By Paula Detwiller
It’s called the “magic hour”: the period just after a child’s birth when it experiences sight, touch, smell and taste for the first time. Ideally, this brand-spanking-new baby will be placed skin-to-skin on its mother’s chest while everyone, except the father, leaves the room.
The bonding begins. Dad gets his chance to bare-skin-snuggle his progeny. Often, happy tears flow. Baby quickly recognizes its parents’ voices and smells, and — according to medical studies — lives are transformed.
The “magic hour” is an important part of Bethesda Memorial Hospital’s new family-centered maternity care program. Instead of whisking the newborn off to the hospital’s nursery after delivery, mother and baby are kept together from the moment of birth. They spend the next 48 hours (72 hours in the case of a Cesarean birth) in a private room, cared for exclusively by a specially trained registered nurse. Fathers are welcome to sleep overnight in the foldout bed, and participate, along with mom, in caring for the baby.
“We’ve taken the warmers out of the nursery and put them at bedside,” says Jane McCarthy, RN, director of Bethesda’s Women and Children Services, who took charge in implementing the new protocol. “Mom can watch her baby get a bath, she can receive breastfeeding help if needed, she gets to be present for the doctor’s examination of the baby, and has lots of opportunities to ask questions.”
All of that was comfort and joy to first-time parents Brooke and Matthew Slinger of Palm Beach Gardens, whose daughter, Harper Rose, was born at Bethesda at 10:23 p.m. on July 16.
“We got here Sunday night to be induced, and it was very overwhelming,” says Brooke. “But everybody here has been so great, and the baby has not left us — I think that’s the best part, because I would have been so anxious if they had taken her away.”
Both parents enjoyed the “magic hour.”
“Labor was longer than we anticipated,” Matthew says. “It was 13 hours, and pretty hectic with so many hospital personnel checking in on us. But after the birth, it was like the seas parted and everybody went away for about an hour. It was definitely a magic hour … and I’ll never forget it.”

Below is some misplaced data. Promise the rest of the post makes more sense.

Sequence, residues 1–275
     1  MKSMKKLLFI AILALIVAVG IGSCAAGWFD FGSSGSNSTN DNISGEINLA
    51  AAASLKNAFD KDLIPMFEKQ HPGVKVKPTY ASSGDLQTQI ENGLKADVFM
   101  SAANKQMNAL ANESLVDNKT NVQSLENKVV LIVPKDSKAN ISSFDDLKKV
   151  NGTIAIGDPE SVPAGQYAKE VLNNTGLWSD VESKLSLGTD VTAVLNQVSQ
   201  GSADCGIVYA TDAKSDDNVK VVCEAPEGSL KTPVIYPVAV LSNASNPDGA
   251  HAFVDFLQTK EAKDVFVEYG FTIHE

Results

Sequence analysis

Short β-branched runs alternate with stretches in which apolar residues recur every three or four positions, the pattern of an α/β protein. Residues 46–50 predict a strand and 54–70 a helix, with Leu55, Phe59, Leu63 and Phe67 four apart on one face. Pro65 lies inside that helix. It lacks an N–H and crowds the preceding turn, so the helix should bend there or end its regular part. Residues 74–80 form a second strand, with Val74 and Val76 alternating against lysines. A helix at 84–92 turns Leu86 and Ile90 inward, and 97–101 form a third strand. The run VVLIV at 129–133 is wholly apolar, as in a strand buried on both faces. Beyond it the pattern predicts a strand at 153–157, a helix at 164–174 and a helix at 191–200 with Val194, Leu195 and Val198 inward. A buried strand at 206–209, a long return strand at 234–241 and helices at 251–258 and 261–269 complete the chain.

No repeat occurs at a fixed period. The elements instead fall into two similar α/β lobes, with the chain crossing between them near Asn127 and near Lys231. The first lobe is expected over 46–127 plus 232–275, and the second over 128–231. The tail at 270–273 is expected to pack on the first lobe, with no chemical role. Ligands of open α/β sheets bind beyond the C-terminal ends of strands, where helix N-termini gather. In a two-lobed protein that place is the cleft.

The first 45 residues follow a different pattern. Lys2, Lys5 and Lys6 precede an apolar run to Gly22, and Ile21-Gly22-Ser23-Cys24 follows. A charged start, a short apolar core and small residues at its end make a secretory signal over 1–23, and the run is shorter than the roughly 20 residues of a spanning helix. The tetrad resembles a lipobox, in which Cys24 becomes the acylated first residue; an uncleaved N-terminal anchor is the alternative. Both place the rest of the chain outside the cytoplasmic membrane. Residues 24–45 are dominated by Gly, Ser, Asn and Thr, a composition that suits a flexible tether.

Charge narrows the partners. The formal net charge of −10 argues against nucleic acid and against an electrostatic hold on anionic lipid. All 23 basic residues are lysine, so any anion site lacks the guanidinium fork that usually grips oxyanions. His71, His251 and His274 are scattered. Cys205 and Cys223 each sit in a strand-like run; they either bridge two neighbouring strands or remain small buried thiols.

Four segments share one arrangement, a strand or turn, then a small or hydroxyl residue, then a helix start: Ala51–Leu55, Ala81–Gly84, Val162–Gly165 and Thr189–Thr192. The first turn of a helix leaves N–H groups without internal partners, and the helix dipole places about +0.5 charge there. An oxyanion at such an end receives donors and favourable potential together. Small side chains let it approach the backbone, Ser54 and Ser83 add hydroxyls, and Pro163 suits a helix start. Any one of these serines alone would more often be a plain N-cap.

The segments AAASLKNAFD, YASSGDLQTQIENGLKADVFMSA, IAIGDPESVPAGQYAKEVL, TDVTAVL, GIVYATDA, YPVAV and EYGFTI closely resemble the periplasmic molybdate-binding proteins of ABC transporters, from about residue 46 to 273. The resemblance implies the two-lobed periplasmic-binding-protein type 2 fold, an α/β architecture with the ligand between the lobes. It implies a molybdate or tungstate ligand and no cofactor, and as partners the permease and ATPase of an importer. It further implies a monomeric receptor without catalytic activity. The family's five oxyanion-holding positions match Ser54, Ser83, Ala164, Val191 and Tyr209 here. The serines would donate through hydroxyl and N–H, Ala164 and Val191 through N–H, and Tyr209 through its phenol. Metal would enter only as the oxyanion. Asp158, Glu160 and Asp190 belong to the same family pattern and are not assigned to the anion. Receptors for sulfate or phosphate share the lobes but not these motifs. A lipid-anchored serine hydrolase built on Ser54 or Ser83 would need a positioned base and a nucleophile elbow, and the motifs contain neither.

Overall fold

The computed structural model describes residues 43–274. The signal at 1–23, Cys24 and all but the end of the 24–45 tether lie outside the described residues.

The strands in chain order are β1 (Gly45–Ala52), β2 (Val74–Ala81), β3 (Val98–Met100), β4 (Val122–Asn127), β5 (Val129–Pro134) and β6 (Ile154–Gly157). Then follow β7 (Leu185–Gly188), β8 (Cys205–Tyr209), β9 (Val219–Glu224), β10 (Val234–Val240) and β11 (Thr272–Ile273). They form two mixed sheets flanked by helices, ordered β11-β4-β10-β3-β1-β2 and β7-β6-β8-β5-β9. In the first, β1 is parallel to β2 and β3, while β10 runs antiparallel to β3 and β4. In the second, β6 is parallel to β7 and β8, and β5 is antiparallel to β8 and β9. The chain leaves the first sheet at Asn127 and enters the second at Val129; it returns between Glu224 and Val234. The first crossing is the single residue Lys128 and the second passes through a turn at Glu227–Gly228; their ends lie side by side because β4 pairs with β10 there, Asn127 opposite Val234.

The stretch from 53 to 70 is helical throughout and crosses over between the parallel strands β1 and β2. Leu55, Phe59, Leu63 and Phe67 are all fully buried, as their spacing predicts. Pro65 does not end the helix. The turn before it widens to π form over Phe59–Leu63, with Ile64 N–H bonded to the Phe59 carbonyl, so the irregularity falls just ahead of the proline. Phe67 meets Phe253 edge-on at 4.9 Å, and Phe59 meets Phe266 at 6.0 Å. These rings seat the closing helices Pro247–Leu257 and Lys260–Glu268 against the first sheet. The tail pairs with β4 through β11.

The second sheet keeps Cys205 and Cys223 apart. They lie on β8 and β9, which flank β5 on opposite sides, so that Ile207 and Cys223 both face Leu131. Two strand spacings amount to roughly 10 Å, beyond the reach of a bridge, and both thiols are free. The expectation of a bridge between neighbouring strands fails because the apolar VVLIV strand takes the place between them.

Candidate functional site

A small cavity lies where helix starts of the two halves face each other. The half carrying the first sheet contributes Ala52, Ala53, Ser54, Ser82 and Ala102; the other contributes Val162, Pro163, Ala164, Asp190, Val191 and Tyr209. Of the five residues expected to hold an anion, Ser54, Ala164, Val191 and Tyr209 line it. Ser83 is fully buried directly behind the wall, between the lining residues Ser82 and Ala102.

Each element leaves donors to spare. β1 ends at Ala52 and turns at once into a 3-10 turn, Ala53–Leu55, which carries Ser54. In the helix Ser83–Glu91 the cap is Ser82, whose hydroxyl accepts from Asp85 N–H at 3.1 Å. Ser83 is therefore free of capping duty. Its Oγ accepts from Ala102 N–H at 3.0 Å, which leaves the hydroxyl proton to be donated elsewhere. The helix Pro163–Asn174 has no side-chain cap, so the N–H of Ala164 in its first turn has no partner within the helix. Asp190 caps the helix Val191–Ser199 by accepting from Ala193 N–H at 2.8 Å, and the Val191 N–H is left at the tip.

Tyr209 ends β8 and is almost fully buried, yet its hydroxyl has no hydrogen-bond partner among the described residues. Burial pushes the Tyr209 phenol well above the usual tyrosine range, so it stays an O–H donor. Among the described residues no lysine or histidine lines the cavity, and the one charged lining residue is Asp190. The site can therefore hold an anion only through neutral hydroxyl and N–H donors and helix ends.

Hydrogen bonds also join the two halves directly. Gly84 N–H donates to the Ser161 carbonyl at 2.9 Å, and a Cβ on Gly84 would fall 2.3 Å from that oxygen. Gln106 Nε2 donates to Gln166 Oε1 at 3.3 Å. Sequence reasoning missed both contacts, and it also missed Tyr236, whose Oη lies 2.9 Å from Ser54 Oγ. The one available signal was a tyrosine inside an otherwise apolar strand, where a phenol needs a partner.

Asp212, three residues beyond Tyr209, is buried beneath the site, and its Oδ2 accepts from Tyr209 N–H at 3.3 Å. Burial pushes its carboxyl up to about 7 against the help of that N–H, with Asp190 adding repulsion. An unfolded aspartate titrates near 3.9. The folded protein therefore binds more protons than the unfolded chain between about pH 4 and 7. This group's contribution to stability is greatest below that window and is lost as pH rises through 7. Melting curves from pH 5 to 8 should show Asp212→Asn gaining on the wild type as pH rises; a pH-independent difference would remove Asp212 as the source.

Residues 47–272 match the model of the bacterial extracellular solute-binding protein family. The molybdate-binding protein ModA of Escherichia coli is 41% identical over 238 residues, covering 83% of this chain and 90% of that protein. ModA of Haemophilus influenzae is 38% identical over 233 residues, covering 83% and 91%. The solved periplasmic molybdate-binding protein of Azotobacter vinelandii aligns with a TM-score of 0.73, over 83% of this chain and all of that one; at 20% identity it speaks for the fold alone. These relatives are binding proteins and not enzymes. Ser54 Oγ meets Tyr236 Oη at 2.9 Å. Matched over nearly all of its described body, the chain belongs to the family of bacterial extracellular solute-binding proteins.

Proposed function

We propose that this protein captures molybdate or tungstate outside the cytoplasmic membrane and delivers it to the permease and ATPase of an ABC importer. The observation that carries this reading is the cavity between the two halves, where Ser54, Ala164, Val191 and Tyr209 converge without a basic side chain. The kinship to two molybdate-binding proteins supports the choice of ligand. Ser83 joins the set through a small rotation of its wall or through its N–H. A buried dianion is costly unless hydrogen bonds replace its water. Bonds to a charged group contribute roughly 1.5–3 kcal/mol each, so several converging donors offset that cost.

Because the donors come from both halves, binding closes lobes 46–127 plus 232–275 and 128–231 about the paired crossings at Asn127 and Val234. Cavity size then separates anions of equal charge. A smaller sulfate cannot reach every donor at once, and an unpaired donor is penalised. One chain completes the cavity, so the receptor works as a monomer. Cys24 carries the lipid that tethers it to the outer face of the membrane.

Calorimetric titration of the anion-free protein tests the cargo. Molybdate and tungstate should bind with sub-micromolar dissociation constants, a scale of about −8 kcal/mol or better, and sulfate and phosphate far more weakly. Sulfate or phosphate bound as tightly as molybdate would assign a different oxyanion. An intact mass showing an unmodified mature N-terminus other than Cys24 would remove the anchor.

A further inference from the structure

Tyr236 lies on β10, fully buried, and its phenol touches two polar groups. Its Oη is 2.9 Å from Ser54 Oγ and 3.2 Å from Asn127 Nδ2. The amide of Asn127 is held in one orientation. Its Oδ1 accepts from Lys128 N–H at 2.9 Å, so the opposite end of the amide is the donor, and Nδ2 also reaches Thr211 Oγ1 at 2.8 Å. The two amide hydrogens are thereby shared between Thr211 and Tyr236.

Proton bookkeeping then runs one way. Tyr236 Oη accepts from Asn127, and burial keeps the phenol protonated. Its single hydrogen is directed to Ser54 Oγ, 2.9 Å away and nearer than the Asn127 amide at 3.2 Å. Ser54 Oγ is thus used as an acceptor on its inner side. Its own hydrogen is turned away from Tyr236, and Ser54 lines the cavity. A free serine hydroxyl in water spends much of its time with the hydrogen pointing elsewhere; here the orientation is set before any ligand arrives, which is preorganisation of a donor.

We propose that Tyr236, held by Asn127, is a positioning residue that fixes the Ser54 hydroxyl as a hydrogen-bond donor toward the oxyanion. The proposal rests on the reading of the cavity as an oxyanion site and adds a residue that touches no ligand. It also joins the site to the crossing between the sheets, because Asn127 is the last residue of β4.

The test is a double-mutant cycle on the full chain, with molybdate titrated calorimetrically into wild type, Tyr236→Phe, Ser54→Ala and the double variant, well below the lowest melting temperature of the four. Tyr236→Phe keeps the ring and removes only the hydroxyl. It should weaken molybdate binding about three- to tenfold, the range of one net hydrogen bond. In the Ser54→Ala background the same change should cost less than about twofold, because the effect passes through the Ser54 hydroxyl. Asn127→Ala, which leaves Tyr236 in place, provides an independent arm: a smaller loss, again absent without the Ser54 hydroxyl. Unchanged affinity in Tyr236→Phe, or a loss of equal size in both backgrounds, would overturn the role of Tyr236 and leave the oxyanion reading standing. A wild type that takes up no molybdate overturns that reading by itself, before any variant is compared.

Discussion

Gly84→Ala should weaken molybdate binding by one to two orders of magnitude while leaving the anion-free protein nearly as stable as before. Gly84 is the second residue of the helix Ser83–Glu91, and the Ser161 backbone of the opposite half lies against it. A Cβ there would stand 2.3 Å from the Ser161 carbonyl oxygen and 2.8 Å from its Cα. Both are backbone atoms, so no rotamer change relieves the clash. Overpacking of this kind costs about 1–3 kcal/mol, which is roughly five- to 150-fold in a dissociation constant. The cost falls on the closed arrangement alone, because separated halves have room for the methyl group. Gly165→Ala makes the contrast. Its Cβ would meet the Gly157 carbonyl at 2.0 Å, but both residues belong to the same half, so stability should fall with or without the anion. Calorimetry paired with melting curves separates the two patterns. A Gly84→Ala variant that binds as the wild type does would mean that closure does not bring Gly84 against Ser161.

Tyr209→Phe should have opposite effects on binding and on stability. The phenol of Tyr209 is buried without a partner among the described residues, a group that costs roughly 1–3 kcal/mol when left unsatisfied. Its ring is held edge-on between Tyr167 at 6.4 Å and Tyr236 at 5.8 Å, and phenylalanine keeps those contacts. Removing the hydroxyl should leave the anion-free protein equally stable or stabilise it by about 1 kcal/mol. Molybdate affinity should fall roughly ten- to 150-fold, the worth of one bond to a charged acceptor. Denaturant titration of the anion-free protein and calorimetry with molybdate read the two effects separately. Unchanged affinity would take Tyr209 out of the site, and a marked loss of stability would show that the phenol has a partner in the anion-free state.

“It had been such a long process, it was nice to just relax with Matthew and the baby,” Brooke says. “I knew that was going to be the moment when it became real — you know, ‘Wow, that’s my baby.’ And it was really, really incredible.”
Bethesda’s new model of care for mothers and babies is based on the pioneering work of Celeste R. Phillips, RN, a highly respected national advocate of family-centered maternity care based in Santa Cruz, Calif.
Phillips’ philosophy is that the childbearing experience belongs to the family, not the caregivers. Since January, she has worked with Bethesda’s nursing staff to help them transition to this new service.
Geralyn Lunsford, RN, Bethesda Memorial’s vice president of patient services, helped make Phillips’ intervention possible. She says family-centric care is an idea whose time has come.
“When I was born, my father was in the waiting room and my mother was knocked out. That’s where we were as a society,” Lunsford says. “But today, mothers and fathers and significant others are much more engaged, and this new model of care really supports that.”
“I’m proud to be doing this work,” says McCarthy, who has helped implement the Phillips method in two northeast hospitals and one in Miami. She says babies who bond with their parents in the first hours of life are calmer, healthier, easier to breastfeed and have a higher pain threshold. And there’s another benefit that continually encourages McCarthy and the other mother-baby nurses.
“There’s lots of statistical data showing that if you put a child to a father’s chest when it’s first born, that father will remain in the child’s life for a lot longer than he would otherwise,” McCarthy says. She tells how a tough-acting, tattooed young man dissolved into sobs when the newborn he fathered was placed on his bare chest.
“In my career, I look to change society one family at a time,” she says.
Paula Detwiller is a freelance writer and lifelong fitness junkie. Find her at www.pdwrites.com.